Siena is a forty-minute drive from Gaiole and makes a magical day trip. Siena frames the southern end of the Chianti and so is convenient for anyone based here. As a Gothic city built on a human scale, Siena is effortlessly civilised and at ease with itself. All roads lead to Il Campo, the beguiling, shell-like central square, shaped like an amphitheatre. Sit at a terraced café on the sloping side of the square and spot the division of the paved surface into nine segments, recording the wise Council of Nine who governed Siena from the mid-13th century to the early 14th. Consider climbing the slender Torre del Mangia, with sultry views over a pink piazza and Siena’s rooftops, even if the views from the Cathedral rooftops are even better.

After an early lunch, a leisurely stroll leads to the Duomo, Siena’s pinnacled Gothic cathedral. The facade is a riot of green, pink and white marble, like a glorious iced cake. Siena Cathedral and the Cathedral Museum should be seen as one entity as they share several spaces. The Museum displays Pisano’s orig¬i¬nal statues for the façade along with Siena’s best-loved work, Duccio’s Maestà, the Virgin Enthroned. For many visitors, equally impressive is the rooftop walk, known as the Panorama from the Unfinished Façade. These are arguably the finest views of Siena. Facing the cathedral is the Spedale di Santa Maria della Scala, the most extraordinary building in Siena. It began as a hospital a thousand years ago and continued as one until it was reborn as a magnificent museum in recent years. In medieval times, it was always far more than a hospital. The art-studded complex embraces a former pilgrims’ hostel, an orphanage, frescoed churches and granaries.

Don’t let Siena’s art-studded museums blind you to the beauty of the backstreets. Here, the city history unfurls like a medieval banner. Walkable Siena has well-preserved walls and inviting gateways. Wind through a tangle of medieval streets and stumble across secret courtyards, fountains and surprisingly rural views. Check our Siena guide to see what appeals most.

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Art-filled Florence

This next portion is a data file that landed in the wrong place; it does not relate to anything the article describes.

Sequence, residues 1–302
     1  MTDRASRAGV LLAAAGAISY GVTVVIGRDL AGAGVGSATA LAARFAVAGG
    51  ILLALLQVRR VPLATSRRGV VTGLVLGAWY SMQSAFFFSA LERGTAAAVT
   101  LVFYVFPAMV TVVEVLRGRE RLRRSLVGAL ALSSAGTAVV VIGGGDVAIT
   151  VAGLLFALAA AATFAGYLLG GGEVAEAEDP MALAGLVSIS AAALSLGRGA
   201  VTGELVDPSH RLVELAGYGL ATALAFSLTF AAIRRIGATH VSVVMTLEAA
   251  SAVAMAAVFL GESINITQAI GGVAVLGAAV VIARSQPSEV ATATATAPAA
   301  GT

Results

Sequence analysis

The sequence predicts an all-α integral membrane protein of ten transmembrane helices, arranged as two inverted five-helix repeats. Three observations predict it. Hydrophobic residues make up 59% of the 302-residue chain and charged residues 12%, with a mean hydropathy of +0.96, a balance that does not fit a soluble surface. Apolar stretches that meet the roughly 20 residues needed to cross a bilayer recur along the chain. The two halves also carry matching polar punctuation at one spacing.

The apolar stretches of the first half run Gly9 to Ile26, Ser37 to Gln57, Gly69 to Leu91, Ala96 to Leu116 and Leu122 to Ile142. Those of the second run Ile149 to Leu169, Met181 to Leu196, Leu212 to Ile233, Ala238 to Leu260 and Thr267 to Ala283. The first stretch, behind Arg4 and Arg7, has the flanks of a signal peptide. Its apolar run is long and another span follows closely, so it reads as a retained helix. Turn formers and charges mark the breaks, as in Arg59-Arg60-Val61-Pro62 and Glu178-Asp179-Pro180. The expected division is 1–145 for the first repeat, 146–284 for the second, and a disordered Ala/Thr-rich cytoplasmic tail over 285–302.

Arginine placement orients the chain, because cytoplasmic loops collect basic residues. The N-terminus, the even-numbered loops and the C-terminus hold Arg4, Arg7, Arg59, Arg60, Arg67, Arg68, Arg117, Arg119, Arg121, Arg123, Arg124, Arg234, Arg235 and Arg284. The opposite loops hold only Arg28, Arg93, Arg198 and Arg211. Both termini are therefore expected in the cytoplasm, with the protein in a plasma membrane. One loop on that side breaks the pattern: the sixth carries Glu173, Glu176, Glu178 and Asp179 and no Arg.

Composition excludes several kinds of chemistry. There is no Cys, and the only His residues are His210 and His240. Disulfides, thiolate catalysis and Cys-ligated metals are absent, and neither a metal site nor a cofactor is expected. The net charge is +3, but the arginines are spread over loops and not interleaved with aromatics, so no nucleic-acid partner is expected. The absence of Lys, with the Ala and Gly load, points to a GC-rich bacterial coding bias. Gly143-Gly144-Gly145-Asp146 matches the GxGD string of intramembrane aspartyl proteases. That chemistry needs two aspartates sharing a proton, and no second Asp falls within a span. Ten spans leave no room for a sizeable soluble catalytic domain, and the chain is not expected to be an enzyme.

Although ninety minutes’ drive from Gaiole, Florence still makes a must-see day trip for first-timers to the Renaissance-heavy capital. Despite devouring the checklist of major sights, steer clear of suffocating under the weight of treasures. Allow time for aimless wandering. Beyond the selfie sticks and statuary awaits a funky foodie haunt with sleek cafes, superb cooking and seriously edible markets. Florence is not fusty. Nor has the greedy city lost its gutsy Tuscan soul: traditional inns still serve earthy peasant fare, including macho steaks. Beware of trying to do too much on a day trip. Balance visits to galleries with wanderings in search of the perfect trattoria or the perfect view.

Begin in Piazza della Signoria, the city’s grandest square, with its copy of Michelangelo’s David and, beside it, the crenellated Palazzo Vecchio, with a well-presented collection. After a coffee at Rivoire, brace yourself for the Uffizi Gallery, the world’s greatest collection of Italian art. As such, the gallery is both a feast for the senses and an indigestible banquet so try and plan your visit in advance or even book a time slot online. After lunch, visit the Duomo, the biggest building for miles around. It is still Brunelleschi’s Renaissance dome that defines Florence. Out of respect for Brunelleschi’s achievement, the city forbade the construction of any building taller than the Duomo.

Clear your head in the Oltrarno, across the river Arno, where the Giardino Boboli (Boboli Gardens) act as an excellent antidote to the suffocating splendours of the Pitti Palace. The Medici dynasty created these statuary-encrusted gardens, which became the model for Italianate gardens for centuries to come. Before dinner, explore the Oltrarno neighbourhood's craft heritage on the so-called Left Bank of the city. This bohemian district is studded with stylish bars and buzzy inns interspersed with antique shops, jewellery-makers, picture-restorers and bijou art galleries.

Check our Florence guide to see what appeals most. If visiting a number of museums, consider buying a Firenze Card online (www.firenzecard.it) and also book a time slot at the Uffizi Gallery.